Early film success led to a loss of popularity in the early 1930s, followed by a comeback later in the decade. A second decline led to her selection of the play The Philadelphia Story for her next film. She refused to allow anyone else to control either her career or her choice of films, remaining very much in command of her own destiny. Later in her career, she depicted prim, staid, ladies in films such as The African Queen, with Humphrey Bogart, and The Rainmaker with Burt Lancaster. Still later she returned to the form, so to speak, with John Wayne in Rooster Cogburn. Though as with everyone in this list other MBTI types are assigned to her, she seemed to have fit in with Churchill and others listed as ENTJ very well. In life she refused to accept categorization, so one wonders what would be her reaction to being so described.

Historical People Ranked by their Myers-Briggs Personality Types (MBTI)
Thomas Jefferson’s official Presidential portrait, by Rembrandt Peale. Wikimedia

5. Thomas Jefferson – INTP or INTJ

There are some sites which claim Jefferson possessed an INTP (Introverted, Intuitive, Thinking, Perceiving) MBTI. Others assign him to the INTJ (J meaning Judging) and others INFJ (F refers to Feeling). There are several other types ascribed to Jefferson and in truth, an argument could be made for all sixteen. The man was a mass of contradictions. A polymath largely self-educated (outside of classics and law), he advocated for public education throughout his life. He built regal estates for himself, though as President he was known to greet official guests in a dressing gown and slippers. He detested most preachers and priests, though he wrote his own version of the New Testament. Jefferson championed individual rights and liberties while enslaving hundreds.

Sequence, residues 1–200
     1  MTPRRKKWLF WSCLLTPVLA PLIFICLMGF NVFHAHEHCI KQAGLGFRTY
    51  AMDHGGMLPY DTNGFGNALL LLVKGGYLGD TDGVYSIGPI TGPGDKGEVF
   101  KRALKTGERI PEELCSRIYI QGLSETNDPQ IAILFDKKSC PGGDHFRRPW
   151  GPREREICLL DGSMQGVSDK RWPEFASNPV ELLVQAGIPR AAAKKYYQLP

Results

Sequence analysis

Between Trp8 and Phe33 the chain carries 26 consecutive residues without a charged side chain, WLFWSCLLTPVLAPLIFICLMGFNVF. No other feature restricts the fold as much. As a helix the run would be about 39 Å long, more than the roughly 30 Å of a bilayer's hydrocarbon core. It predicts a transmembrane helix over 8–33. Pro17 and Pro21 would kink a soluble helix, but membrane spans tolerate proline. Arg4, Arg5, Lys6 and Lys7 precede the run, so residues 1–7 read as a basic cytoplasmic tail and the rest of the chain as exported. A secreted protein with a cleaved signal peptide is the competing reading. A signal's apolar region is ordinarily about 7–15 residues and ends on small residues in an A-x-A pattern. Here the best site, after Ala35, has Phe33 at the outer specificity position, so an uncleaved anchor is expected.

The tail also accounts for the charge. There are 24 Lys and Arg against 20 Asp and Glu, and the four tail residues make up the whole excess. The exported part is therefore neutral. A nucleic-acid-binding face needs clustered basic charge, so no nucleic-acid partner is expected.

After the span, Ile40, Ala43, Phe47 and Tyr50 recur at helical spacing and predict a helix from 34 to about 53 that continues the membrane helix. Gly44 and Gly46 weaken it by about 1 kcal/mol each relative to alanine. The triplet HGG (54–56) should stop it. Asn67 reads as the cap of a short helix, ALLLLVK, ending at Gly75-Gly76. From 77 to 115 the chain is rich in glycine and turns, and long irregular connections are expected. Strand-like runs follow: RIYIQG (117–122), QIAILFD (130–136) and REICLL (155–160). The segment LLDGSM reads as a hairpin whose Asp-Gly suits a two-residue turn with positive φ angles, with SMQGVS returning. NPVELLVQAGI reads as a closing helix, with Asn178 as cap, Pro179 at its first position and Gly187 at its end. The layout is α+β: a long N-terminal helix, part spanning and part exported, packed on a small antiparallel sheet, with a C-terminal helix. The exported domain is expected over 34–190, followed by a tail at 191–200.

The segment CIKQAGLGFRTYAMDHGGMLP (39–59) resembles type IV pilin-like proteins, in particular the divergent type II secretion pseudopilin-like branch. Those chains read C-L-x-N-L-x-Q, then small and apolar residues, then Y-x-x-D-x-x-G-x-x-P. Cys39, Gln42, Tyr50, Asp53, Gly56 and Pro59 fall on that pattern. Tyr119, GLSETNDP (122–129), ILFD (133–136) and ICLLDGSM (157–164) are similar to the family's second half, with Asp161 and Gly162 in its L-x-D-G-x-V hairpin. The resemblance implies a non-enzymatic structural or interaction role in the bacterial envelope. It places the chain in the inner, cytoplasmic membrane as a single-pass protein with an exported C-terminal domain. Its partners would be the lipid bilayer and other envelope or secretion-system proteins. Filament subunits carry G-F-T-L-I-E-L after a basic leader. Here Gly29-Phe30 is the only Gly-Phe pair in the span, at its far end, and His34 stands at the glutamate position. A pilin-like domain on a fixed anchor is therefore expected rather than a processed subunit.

He denounced slavery in his writings, and in the Declaration of Independence, he blamed the institution on the King of England. That document indicates another aspect of his personality often overlooked, or rather its editing does. Jefferson winced at every alteration of his work, indicating he strongly sought approval from his colleagues. Such desire for approval is indicative of an Extravert, rather than an Introvert. He was a scientist, musician, inventor, politician, farmer, botanist, collector of fine wines, connoisseur, avid horseman, and loved leisure activities. Yet he scheduled his day rigidly and recorded his activities in several record books. In his farm books, he recorded the first blossoms of plants in the spring, a strict adherence to detail. If any one person disproves the categorization described by Myers-Briggs, it would be Thomas Jefferson.

Historical People Ranked by their Myers-Briggs Personality Types (MBTI)
Al Capone in 1930, in a photo taken at the Chicago Police Department. Wikimedia

6. Al Capone and other notable criminals – ESTP